Two years after the death of his mother Thomas M. Brown left home in company with five other young men bound for California. They traveled by the old Sublett cutoff and the Truckee route. On the 22d of September they arrived at Steep Hollow, Nevada county, Cal., and the next month they camped near Sacramento, whence Mr. Brown went to Stockton and thence to Jamestown, Tuolumne county. No success rewarded his efforts as a miner. In February, 1850, still in company with his friends, he bought four yoke of oxen and a wagon and drove to Trinity county, where their oxen were wounded by arrows shot by the Indians and injured so seriously that it was necessary to kill them. Next Mr. Brown joined a company of sixteen men who tried to dam the river at Ounce bar, for the purpose of working the bed of the stream, but the plan failed and those interested lost all they had. As an example of the prices of that period, it may be stated that Mr. Brown paid $4 for a paper of common tacks. In October, 1850, he moved to Weaverville, where he and another man took a contract to build a log cabin. Afterward he drove oxen, then bought an outfit of his own and also mined to some extent. In the fall of 1851 he went to Oregon gulch. A few months later he had a disastrous mining experience on French corral in Nevada county. Buying a store and hotel on the east fork of Salmon river in Klamath county, he spent several years there. In May, 1857, he was appointed deputy sheriff of Klamath county, his duty being to collect taxes from foreign miners.

After an absence from Missouri of eight years Mr. Brown returned home in the fall of 1858, traveling on the steamer Sonora to Panama, on the Aspinwall to Havana and on the Philadelphia to New Orleans, where he took a river boat to Cairo, III., and from there finished the journey by stage. In 1860 he came across the plains accompanied by his family and worked at Orleans bar during the winter of 1860-61. In the fall of 1861 he was elected sheriff and continued as such until Klamath was disorganized, a part of it being absorbed by Humboldt county. In 1869 he again became interested in mining and was the sole owner of a large property on which he built a five mile ditch and a sawmill, but the enterprise proved his financial ruin. After three years of vacation from the office of sheriff, in 1877 he was elected sheriff of Humboldt county. Eleven elections were held from that time until his death in 1907 and each time he was chosen to the same office, in which he proved exceedingly efficient, fearless and acceptable. In addition he served for eleven years as tax collector. His wife, Surrilda J. (Poynter) Brown, was born in Kentucky in 1831, and was reared in Illinois. Their marriage occurred in Missouri in 1847. The wife died about a year before the husband, and they are survived by a daughter, Martha Jane, wife of Henry B. Hatchings, of Eureka. Fraternally he was a Mason, Odd Fellow and Elk.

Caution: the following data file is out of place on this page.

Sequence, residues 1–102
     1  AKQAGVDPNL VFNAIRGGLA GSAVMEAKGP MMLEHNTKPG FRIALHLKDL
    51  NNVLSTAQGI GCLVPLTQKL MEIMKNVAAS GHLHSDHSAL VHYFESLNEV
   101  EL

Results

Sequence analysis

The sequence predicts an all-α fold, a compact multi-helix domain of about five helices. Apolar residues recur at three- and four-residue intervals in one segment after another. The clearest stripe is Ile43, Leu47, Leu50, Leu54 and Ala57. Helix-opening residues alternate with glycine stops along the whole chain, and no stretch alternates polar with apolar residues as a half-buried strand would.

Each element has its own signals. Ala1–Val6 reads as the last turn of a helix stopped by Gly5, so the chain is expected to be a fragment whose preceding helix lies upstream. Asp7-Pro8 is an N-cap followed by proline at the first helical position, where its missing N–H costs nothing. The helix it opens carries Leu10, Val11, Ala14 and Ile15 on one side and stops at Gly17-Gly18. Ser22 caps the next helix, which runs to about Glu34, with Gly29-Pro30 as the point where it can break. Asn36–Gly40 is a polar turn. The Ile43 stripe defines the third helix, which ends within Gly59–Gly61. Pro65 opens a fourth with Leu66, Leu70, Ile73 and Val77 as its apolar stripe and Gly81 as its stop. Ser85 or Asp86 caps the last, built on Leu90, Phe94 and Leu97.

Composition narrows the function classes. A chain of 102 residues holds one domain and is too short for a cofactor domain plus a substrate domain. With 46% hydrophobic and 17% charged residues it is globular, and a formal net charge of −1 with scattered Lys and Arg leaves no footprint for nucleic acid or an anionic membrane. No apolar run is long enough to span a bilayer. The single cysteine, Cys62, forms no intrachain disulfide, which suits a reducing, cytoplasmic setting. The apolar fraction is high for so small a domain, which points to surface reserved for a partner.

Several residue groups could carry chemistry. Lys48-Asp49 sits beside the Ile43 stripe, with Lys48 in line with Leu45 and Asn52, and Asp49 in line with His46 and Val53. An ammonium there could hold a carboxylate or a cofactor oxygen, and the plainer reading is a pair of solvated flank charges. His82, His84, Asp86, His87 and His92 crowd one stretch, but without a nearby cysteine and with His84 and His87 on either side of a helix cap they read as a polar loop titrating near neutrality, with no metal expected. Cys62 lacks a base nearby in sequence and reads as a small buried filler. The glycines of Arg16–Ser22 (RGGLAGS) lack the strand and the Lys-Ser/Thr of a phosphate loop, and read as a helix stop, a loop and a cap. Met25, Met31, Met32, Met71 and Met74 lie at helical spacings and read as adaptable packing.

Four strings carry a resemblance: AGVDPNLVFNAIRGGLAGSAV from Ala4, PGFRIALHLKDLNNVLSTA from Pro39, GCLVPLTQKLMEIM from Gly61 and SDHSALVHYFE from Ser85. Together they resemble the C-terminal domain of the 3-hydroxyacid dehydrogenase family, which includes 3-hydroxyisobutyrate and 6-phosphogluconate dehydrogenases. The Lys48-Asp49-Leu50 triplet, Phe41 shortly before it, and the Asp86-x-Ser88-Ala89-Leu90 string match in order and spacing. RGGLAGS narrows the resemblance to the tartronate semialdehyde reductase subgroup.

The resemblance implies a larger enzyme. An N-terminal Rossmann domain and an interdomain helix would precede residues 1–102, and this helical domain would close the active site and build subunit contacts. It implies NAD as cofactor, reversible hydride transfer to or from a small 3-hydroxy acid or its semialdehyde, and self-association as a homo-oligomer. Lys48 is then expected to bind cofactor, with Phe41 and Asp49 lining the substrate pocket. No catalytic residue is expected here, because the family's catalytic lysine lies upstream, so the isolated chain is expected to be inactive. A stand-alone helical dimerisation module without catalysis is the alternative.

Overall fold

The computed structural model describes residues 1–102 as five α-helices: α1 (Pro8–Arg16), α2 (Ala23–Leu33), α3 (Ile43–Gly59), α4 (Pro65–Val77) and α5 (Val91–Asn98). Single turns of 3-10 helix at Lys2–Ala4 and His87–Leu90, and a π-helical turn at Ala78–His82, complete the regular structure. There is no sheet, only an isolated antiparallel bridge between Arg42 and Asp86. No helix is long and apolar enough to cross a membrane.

From:
History of Humboldt County, California
With a Biographical Sketches
History by Leigh H. Irving
Historic Record Company
Los Angeles, California 1915


Privacy Policy for OnlineBiographies

NAVIGATION

Humboldt County, CA
Biographies

California
Biographies

Online
Biographies

New York
Histories

New York
Biographies

Maine
Histories

Pennsylvania
Histories

Pennsylvania
Biographies

For all your genealogy needs visit Linkpendium

Family Tree Maker 2012